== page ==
I’ve never met Tsh or her husband, Kyle, but we’ve become online friends. If you’re intrigued by people who do not allow themselves to be tied down by conventional commitments, people who want to live fresh, meaningful lives, Tsh and Kyle are your kind of people. Here’s a snippet about her newest book:

What would you say if your spouse suggested selling the house, putting the furniture in storage, and taking your three kids under age ten on a nine-month trip around the world? Tsh Oxenreider said, “Thank you for bringing it up first.”

At Home in the World follows their journey from China to New Zealand, Ethiopia to England, and more. They traverse bumpy roads, stand in awe before a waterfall that feels like the edge of the earth, and chase each other through three-foot-wide passageways in Venice. And all the while Tsh grapples with the concept of home, as she learns what it means to be lost—yet at home—in the world.

Check it out HERE or wherever books are sold. Buy it. Trust me.

Keeping My Eyes Open

I'm not sure why I went with this photo, other than it's one of the few recent photos of all of us.
I’m not sure why I went with this photo, other than it’s one of the few recent photos of all of us, from Mardi Gras, and I’ve been wanting to work it in anyway.

Eight years ago, when Maile and I were at the bottom financially (or the lowest bottom we’ve been at so far because I guess you never know), I applied for a very well-paying job doing something I probably would have marginally enjoyed. Okay, barely enjoyed. Or not really enjoyed at all. It’s hard to say if I would have enjoyed it for very long. Due to some extenuating circumstances that I won’t go into, I did not get the job. I was furious. Writing work was sparse, and I was tired of living month-to-month. I craved the security of a 9 to 5.

A few months later, I landed a book-writing project. Soon after that, another. For the next eight years, albeit on a financial roller coaster, I went on to write over 20 books and finally, last year, tricked a publisher into signing me to a three-book deal to write fiction. Well, maybe there wasn’t any trickery. The publisher seems to be going into it rather enthusiastically.

None of this would have happened if I would have landed that job. That’s a fact. It was a demanding, hours-heavy position that would have left little time for writing. Most of the progress I’ve made as a writer during the last eight years has come out of desperation as much as anything else. With that job I would have had less desperation, and without that, I would have written a fraction of the words I’ve written.

I’ve thought about that a lot during the last eight years, how sometimes it feels like things are going to hell in a handbasket and then, out of nowhere, the very thing that seems worst about a situation starts to makes sense. It’s happened numerous times. One project will vanish only to make room for an even better one. One opportunity slips away and something else even more intriguing fills the gap.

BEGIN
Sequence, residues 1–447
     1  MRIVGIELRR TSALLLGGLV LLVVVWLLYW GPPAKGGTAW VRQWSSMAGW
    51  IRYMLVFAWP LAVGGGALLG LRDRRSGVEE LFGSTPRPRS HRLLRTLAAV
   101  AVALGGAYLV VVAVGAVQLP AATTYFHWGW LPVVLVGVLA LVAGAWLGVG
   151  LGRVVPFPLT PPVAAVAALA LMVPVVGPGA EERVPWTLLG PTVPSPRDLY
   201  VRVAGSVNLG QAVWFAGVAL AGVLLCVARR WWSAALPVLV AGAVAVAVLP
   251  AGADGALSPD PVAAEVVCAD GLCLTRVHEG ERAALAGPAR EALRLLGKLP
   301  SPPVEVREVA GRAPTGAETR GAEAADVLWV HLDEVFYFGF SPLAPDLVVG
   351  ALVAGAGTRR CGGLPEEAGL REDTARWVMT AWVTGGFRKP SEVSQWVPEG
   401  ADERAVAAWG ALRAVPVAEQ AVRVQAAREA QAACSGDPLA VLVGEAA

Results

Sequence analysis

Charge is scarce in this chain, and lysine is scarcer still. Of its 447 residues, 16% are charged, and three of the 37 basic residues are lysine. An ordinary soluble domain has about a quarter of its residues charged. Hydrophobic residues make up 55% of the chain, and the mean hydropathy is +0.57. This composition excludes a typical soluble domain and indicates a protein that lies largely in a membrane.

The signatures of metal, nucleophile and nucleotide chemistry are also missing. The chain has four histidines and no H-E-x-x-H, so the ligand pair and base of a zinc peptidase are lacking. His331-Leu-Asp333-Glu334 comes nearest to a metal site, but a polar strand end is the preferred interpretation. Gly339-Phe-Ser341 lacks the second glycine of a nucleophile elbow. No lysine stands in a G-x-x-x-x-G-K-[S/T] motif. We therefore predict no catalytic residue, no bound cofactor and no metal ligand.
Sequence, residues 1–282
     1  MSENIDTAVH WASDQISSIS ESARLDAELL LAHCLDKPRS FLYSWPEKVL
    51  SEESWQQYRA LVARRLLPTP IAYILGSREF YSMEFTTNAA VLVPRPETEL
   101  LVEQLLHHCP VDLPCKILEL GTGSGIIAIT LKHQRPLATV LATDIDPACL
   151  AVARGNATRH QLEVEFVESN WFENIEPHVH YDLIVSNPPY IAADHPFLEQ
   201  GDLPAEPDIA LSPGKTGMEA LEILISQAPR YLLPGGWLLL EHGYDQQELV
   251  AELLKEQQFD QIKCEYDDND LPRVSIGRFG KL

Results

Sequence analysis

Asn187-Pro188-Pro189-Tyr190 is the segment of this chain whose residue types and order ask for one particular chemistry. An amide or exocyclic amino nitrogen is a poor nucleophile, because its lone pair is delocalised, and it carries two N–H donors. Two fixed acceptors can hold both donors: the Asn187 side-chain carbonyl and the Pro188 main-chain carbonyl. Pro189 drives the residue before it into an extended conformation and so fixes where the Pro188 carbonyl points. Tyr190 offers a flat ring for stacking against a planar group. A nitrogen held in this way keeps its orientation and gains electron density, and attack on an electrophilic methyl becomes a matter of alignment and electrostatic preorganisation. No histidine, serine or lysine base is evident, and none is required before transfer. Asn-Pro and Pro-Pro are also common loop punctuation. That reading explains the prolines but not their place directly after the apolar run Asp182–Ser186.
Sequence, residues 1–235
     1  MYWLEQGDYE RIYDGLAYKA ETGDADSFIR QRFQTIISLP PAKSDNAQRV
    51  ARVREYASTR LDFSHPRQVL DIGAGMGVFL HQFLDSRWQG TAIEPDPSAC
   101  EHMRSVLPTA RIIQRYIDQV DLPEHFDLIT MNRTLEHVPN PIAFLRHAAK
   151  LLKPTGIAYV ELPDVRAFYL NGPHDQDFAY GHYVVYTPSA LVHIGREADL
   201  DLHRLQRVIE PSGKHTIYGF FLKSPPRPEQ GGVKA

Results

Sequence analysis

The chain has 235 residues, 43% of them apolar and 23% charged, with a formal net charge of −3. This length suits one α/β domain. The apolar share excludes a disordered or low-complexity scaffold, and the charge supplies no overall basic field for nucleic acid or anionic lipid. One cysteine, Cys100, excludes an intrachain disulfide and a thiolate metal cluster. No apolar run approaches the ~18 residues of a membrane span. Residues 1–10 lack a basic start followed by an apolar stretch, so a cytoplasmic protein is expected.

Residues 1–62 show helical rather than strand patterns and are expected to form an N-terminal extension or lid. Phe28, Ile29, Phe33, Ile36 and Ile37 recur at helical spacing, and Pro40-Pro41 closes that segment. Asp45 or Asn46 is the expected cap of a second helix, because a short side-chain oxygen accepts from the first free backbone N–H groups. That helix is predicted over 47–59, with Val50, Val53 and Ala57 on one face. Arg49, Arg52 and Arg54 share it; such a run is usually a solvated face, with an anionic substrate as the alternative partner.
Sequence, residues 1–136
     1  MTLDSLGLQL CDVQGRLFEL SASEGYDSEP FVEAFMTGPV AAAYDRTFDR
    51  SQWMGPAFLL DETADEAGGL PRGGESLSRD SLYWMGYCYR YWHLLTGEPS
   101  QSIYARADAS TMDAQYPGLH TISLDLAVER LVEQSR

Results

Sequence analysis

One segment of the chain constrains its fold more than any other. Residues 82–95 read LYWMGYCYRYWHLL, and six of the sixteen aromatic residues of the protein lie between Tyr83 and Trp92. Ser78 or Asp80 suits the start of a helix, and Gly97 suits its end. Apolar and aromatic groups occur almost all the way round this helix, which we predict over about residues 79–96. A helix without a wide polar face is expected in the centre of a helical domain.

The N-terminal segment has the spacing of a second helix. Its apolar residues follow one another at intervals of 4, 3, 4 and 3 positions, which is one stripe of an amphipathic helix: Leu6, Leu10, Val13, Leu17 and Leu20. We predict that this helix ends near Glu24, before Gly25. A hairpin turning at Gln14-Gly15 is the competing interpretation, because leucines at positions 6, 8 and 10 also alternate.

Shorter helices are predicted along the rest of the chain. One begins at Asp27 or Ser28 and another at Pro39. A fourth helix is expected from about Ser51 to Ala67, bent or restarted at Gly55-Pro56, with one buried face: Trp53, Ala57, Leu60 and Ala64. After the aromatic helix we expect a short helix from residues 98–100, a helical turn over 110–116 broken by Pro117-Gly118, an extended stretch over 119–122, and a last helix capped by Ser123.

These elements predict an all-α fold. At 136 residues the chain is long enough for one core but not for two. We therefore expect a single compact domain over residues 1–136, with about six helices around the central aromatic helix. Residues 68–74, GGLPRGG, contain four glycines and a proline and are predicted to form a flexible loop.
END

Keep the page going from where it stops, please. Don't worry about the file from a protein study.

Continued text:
Of course, it doesn’t always happen that way, and by that I mean, the rotten things that happen don’t always make sense. There are not-so-great things that have happened recently for which I have not received a decent explanation from God. Sometimes, I fall into the cosmic trap of thinking it’s God’s duty to explain or justify or clarify everything that happens in my life that I don’t agree with or understand.

Yet, God keeps on handing me good things and bad things for which there is no rational explanation. Which gets me to the point of this whole thing, which is not that everything makes sense. I’m not here to tell you that if you wait long enough, that hard thing in your life will turn to good or lead to you picking the right Powerball numbers.

But after eight years of being self-employed, after many heartaches and disappointments, after Maile’s two miscarriages, nearly facing bankruptcy, and even after our bus’s brakes went out as we went down the Teton Pass, I can tell you this: continually searching for meaning in the madness is sometimes the meaning itself. In other words, it’s the looking for meaning that has sometimes kept me sane, the asking and doubting, the questions and silence, the searching and searching. And searching.

* * * * *

When things looked like they might slow down back in November, I started driving for Uber and Lyft. It’s a flexible way to add some income when I’m in between projects. The things is, if I was busy, I probably wouldn’t have ever done any ride-sharing, but here we are.

Like I said, now that I’m eight years into this self-employed writing thing, I try to keep my eyes open for what I might find, even in places or times that aren’t exactly of my own choosing. And what do you know! I found stories hidden there in the hundreds of rides I’ve given with Uber and Lyft. Every single fare I’ve taken has been a real, live person with real, live problems and dreams and jobs and hopes and disappointments. I’ve driven immigration lawyers and transgender sex workers, mall employees and high-powered business people, students on their way to school and students who were absolutely hammered. Granted, not everyone wants to talk about their lives – Lord knows, I only feel like talking to people about 50% of the time – but the ones who do want to talk always seem relieved to have spoken, to have had someone listen to them even for just ten minutes.

So here it is again: a difficult thing ends up shining a light on something new, some kind of fresh story, some kind of glimpse of God in these people all around me.

* * * * *

Not every bad thing in your life will come with a ready-made tag explaining or pointing out the redemptive work that has happened or is happening through it. But searching for that redemption – in other words, giving yourself the permission to hope in even the direst of circumstances – is not a terrible way to live a life, even when the question goes unanswered.